Addressing new ambassadors, high commissioners, consuls-general and deputy heads of mission on Tuesday at his Karen residence, Kenyan Deputy President Rigathi Gachagua said their continued stay in their postings is pegged on increasing the volume of trade.
“”Wherever you go in the first year, go and study the volume of our exports to that country and within an year, there must be a shift … If you go there and you don’t increase volume of trade, you have no business being there at all. There must be a positive achievement after you report. You must be able to account for you being there – opening markets, enlarging the existing ones,” DP Gachagua said.
He also said the Kenya Kwanza Administration is re-engineering Kenya’s diplomatic priorities and architecture to focus more on commercial diplomacy as opposed to “”the traditional way of diplomacy”.
“You must be aggressive as Kenya’s produce is highly sought. I have travelled to many places and our presence is not there and it is you at the embassy who will do this job. To market our coffee, tea, milk, meat, avocado and miraa and get our space in the world market,” the DP added.
The Kenya Foreign Policy document cites economic diplomacy as a priority and necessary to secure Kenya’s regional and overall economic objectives in line with the Kenya Vision 2030.
The objectives of the economic pillar include increasing capital flows to Kenya, supporting export promotion and investment by Kenyan enterprises within the region and beyond; promoting Kenya as a favourite destination for foreign direct investment, tourism, and conferencing; expanding access to traditional markets and explore new destinations for exports and enhancing technological advancement by exploring new sources of affordable and appropriate technology.
The policy also seeks to support the exploration of alternative sources of traditional and renewable energy; strengthen regional economic communities and organizations to serve as competitive springboards to emerging and global markets; and promote fair trade and equitable bilateral, regional and multilateral trade agreements.
He also communicated that as the Executive cuts down on travel, the diplomats will have more responsibility to represent the ministers and sell the Bottom-Up Economic Transformation Agenda, the Kenya Kwanza development blueprint, in the capitals they will be posted.
Additionally, Gachagua directed the envoys to market Kenya as the number one tourist destination as the country is not doing well in tourism.
“I know people feel the Kenya Tourism Board is not doing enough, maybe we are not giving it enough attention in terms of marketing, but it starts with you. It is you to initiate the action and we can follow up from here.
He also urged the diplomats to engage the Kenyan diaspora in their capitals of posting and ensure Kenyans are well taken care of, encouraged to invest back in Kenya and use them as a resource as they understand the countries they reside, the opportunities, the people, and the traditions.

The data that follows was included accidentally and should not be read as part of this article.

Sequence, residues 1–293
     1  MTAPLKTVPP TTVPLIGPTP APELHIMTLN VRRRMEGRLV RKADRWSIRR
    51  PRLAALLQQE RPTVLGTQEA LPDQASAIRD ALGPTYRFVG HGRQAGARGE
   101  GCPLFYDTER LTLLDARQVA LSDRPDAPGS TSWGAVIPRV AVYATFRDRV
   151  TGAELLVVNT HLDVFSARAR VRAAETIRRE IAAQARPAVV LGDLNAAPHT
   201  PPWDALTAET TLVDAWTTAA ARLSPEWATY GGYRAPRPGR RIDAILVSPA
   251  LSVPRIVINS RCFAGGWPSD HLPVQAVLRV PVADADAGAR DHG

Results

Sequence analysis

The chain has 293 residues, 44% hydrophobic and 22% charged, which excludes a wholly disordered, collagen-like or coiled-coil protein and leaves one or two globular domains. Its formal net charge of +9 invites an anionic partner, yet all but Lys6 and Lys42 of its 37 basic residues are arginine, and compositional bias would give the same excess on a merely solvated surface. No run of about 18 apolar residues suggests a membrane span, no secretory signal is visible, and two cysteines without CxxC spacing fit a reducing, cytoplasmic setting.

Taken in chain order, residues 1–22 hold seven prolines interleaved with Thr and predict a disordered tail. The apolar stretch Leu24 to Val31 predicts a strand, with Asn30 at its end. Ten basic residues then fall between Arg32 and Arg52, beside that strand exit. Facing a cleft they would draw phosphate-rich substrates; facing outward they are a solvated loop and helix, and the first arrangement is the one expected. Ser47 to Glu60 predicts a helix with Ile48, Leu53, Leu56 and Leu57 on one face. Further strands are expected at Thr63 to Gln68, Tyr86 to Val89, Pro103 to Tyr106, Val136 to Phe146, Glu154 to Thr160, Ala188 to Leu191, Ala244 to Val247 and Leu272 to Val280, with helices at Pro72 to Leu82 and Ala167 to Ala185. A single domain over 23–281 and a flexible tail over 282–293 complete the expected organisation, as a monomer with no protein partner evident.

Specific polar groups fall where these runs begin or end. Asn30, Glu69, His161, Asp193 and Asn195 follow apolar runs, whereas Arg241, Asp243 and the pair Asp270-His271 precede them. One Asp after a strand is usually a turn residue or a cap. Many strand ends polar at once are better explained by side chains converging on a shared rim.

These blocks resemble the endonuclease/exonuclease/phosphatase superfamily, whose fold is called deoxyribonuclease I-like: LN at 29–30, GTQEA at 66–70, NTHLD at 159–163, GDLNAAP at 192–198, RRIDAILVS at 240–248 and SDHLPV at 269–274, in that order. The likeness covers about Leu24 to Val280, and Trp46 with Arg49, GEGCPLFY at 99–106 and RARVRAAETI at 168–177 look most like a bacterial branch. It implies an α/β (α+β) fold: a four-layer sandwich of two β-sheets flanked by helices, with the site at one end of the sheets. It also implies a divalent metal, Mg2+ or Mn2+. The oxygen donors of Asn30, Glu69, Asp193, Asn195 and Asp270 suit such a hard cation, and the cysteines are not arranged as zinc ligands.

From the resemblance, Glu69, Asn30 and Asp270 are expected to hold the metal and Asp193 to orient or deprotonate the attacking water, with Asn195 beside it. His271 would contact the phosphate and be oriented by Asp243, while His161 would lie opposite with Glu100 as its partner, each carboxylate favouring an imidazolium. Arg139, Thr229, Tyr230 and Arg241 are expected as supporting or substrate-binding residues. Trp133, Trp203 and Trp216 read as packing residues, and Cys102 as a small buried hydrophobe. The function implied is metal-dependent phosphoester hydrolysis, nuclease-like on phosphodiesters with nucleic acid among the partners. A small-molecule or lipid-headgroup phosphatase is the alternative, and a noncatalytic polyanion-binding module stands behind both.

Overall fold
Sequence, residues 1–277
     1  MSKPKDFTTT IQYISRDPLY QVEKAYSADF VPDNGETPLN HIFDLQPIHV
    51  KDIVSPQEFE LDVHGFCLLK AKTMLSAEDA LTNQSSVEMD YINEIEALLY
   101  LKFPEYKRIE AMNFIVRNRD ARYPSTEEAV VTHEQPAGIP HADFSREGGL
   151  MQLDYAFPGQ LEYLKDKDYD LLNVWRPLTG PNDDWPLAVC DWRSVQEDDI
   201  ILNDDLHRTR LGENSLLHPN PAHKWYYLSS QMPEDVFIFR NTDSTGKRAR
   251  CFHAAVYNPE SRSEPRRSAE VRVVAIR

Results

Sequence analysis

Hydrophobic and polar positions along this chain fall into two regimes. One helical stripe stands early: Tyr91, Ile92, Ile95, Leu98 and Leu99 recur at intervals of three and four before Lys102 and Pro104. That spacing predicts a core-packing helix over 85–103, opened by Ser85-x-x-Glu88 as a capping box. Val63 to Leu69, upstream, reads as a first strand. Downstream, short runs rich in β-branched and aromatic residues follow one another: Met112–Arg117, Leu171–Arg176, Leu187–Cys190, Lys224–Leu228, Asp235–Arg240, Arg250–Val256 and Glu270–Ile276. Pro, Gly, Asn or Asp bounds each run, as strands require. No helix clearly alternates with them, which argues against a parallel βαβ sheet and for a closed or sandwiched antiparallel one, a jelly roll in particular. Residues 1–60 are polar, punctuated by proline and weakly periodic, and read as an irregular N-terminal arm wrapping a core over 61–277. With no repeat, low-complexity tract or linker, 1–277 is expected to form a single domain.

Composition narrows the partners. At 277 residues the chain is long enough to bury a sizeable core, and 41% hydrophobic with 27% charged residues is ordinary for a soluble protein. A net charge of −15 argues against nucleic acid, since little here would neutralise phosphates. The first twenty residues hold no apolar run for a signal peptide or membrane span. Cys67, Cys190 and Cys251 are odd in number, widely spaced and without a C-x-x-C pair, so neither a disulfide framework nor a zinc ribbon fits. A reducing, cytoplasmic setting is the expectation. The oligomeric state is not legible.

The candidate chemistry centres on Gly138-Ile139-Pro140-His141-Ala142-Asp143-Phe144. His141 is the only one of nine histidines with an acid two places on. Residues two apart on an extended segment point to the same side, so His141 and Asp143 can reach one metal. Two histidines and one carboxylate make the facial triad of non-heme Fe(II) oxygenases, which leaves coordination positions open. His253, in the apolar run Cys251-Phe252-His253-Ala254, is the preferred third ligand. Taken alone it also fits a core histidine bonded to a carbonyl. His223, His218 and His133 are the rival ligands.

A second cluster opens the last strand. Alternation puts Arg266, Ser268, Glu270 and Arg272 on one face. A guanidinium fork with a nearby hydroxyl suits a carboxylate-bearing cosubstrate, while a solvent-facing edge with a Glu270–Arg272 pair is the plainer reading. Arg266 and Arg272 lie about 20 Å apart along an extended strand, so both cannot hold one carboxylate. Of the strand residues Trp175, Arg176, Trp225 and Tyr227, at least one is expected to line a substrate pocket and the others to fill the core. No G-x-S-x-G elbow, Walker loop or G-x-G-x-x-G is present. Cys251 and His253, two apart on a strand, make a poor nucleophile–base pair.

On labour migration, he encouraged the envoys to seek employment opportunities abroad and create good frameworks to protect them from exploitation.
Prior to their election, Gachagua had in August 2022 said ambassadors and high commissioners who would not secure markets abroad would be recalled, even as he added that Kenya Kwanza’s foreign policy would be centred on trade and agri-business.
Gachagua said 70 per cent of the responsibilities of ambassadors would be to find markets for Kenya’s produce.
“The ambassador to China will be tasked with securing markets for our avocados and macadamia, the one in Pakistan will look for tea market, the one in America will seek a coffee market, and those in Arab states will have to secure miraa market as well as that of beef and mutton,” Gachagua said, adding that if farmers are paid well, they will produce more thus more exports.
The envoys include Ambassador Willy Bett (China), High Commissioner Peter Munyiri (India) Ambassador Betty Chebet (France), Ambassador Stella Orina (Germany), Tabu Irina (Ireland) and George Orina (Ethiopia).
Amb Philip Mundia has been sent to Maputo, Mozambique, Amb Issac Parashina proceeds to Abuja, Nigeria, while Amb Fredrick Musambili is the new envoy in Rome, Italy.
Amb Angeline Kavindu will be in Stockholm, Sweden, while Jane Wairimu replaces Catherine Mwangi in Pretoria, South Africa.
Col Rtd Shem Amadi replaces George Masafu in Kinshasa, Sabdio Dido to Gaborone, Jeremy Nyamasyo to Juba, Jeremy Laibuttah to troubled Khartoum, former DP Gachagua’s Chief of Staff George Macgoye to Djibouti and Joyce Khasimwa Luanda, Angola.
Others are Janet Mwawasi (Kigali, Rwanda); Kiringo Kubai (Mogadishu, Somalia); Mercy Mueni (Arusha, Tanzania); Abdi Weli (consul general Hargeisa, Somalia); Fouzia Abdirahman (Bern, Switzerland); Sharon ole Sein (Madrid, Spain); Maurice Makoloo (Vienna, Austria); and Prof Peter Ngure (Unesco, France).
Others are Emmy Jerono (Seoul, South Korea); John Ekitela (Kuala Lumpur, Malaysia) replacing former CID Director Ndegwa Muhoro; Wilson Kogo (Canberra, Australia); Mohamed Ramadhan (Riyadh, Saudi Arabia); Lt Gen Albert Kendagor (Tel Aviv, Israel) repacing former Air Force Commander Lt Gen (Rtd) Samuel Thuita, and Mohamed Nor Adan (Doha, Qatar).
Other deputy head of missions who were redeployed are Registrar of Treaties at MFA Amb James Waweru (Geneva, Switzerland); Kasera Achayo (Paris, France); Valerie Rugene (Berlin, Germany); Irene Maswan (Moscow, Russia); and Daniel Cheruiyot,(Brussels, Belgium).
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